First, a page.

The University of Energy and Natural and Resources (UENR) has facilitated a Learning Platform for stakeholders in cocoa farming in the Ahafo Ano South-West District of the Ashanti Region. The programme was held at Mankranso in partnership with World Cocoa Foundation, Kokoo Pa, Government of Netherlands and KIT Royal Tropical Institute under the theme “Planting Materials: Farmers’ perception, challenges, opportunities and innovation”.
The platform provided Cocoa Farmers and Institutions with the opportunity to learn and exchange innovative ideas on planting materials and the best farming practices to improve cocoa production in the country.
The Vice-Chancellor of UENR, Prof. Elvis Asare-Bediako who graced the occasion, in addressing the participants as a plant virologist, acknowledged the importance of growing cocoa in Ghana. He noted that statistics indicate that cocoa contributes largely to the GDP of the economy as well as the employment rate adding that, the training programme was necessary to educate farmers about cocoa seedlings and how to increase crop yield in farming. Prof. Asare-Bediako entreated the farmers to be cautious of the seedlings used in farming. “It is not just about planting seed but using the right and healthy seedlings that will improve crop yield” he stated.
Prof. Asare-Bediako advised the farmers to seek help from the necessary institutions and further admonished that Institutions are available to collaborate with farmers in researching to find innovative ways of farming in the country.
One of the project partners, Alliance of Bioversity and CIAT represented by Dr. Jacob Ulzen explained in a presentation that the main objective of the Cocoa Target Project Learning Platform is to use Citizen |Science to improve climatic and agro-ecological variety recommendations as well as accelerate the access of planting materials to cocoa farmers in Ghana. He added that over 800,000 Ghanaian smallholder farmers who depend on cocoa for income face the challenge of climate change. Dr. Ulzen was of the view that breeding of new varieties is an important adaptation strategy, adding that policy change on cocoa seed production in Ghana would facilitate the participation of the private sector in increasing crop yield.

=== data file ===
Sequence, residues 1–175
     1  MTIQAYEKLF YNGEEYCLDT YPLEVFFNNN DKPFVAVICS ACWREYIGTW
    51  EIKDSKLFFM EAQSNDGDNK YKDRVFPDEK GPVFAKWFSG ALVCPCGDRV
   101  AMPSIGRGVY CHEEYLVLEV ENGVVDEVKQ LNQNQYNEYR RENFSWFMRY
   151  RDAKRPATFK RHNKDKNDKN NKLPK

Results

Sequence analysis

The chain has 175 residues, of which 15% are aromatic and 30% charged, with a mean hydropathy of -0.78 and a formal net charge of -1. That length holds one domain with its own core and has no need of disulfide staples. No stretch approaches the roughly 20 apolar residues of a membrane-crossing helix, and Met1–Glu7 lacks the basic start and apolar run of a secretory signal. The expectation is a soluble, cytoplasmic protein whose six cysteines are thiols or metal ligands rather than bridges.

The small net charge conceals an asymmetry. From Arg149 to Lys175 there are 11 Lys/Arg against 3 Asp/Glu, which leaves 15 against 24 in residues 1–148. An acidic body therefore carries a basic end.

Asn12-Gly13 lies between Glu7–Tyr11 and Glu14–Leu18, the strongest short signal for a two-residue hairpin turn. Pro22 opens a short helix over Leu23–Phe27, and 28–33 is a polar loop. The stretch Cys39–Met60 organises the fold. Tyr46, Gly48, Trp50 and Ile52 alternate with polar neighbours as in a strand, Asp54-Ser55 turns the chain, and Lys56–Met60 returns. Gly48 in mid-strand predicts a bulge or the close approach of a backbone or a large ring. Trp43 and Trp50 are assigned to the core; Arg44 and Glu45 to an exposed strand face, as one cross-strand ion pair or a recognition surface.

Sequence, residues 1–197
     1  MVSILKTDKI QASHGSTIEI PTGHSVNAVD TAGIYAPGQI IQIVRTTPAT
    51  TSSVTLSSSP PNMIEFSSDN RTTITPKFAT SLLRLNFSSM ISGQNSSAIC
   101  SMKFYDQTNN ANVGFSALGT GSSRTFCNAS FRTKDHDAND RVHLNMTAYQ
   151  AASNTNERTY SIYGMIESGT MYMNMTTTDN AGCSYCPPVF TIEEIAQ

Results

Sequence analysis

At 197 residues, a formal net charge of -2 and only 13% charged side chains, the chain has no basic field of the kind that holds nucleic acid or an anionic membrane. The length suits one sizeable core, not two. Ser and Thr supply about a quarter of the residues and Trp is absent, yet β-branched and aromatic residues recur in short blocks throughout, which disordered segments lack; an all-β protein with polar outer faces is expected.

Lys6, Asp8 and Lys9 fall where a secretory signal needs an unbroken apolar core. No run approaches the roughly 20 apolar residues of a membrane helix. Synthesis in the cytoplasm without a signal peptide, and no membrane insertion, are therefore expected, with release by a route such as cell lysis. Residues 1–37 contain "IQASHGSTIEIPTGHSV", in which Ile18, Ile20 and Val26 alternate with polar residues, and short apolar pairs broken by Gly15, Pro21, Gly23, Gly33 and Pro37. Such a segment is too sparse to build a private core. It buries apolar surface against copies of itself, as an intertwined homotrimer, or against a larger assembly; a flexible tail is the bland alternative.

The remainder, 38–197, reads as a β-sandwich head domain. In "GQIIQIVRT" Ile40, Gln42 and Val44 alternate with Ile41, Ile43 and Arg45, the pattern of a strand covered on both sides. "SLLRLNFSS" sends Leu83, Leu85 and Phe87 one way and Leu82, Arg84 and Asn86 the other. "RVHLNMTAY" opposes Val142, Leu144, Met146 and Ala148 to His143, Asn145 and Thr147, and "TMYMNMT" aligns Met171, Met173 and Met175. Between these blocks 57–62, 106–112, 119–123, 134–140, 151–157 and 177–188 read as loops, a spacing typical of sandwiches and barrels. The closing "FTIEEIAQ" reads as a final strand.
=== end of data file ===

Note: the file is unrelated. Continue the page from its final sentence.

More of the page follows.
A Research Scientist and breeder at the Cocoa Research Institute of Ghana (CRIG), Dr. Atta Ofori, said the Ghana Cocoa Board and CRIG have made investments in cocoa seed development and seedling nurseries. This he said will ensure the availability of quality planting materials for farmers stressing that hybrid seeds had a better survival rate than the open-pollinated seeds from farmlands.
The participated farming communities were Mmrobem, Aponoaponso and Nyamebekyere. Other institutions present were the district representatives from the Forestry Commission, Ministry of Food and Agriculture, Seed Production Commission, Cocoa Health Extension and the Ahafo Ano South-West District Assembly.